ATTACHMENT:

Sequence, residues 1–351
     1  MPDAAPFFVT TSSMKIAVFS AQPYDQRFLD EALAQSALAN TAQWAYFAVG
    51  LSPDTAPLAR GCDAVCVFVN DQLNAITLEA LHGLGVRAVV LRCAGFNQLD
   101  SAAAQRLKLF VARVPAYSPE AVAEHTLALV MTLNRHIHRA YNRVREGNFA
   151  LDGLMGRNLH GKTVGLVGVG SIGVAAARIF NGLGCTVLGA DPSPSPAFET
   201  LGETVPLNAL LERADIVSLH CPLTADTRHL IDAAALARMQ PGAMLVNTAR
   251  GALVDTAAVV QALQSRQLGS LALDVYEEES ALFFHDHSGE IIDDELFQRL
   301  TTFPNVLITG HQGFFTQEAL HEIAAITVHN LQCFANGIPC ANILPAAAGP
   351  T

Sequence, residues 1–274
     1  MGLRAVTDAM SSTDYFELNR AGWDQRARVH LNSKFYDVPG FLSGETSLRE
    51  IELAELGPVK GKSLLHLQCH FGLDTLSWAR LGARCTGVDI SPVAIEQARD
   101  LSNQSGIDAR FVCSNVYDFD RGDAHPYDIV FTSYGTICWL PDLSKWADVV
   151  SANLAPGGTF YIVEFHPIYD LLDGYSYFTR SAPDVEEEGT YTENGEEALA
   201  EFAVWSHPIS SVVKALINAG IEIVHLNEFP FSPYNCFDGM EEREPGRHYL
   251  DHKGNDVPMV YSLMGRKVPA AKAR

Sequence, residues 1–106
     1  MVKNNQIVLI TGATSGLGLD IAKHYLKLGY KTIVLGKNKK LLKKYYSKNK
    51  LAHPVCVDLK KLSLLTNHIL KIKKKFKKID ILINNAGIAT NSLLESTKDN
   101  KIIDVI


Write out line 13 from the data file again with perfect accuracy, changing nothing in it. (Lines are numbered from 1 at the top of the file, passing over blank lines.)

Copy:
   101  LSNQSGIDAR FVCSNVYDFD RGDAHPYDIV FTSYGTICWL PDLSKWADVV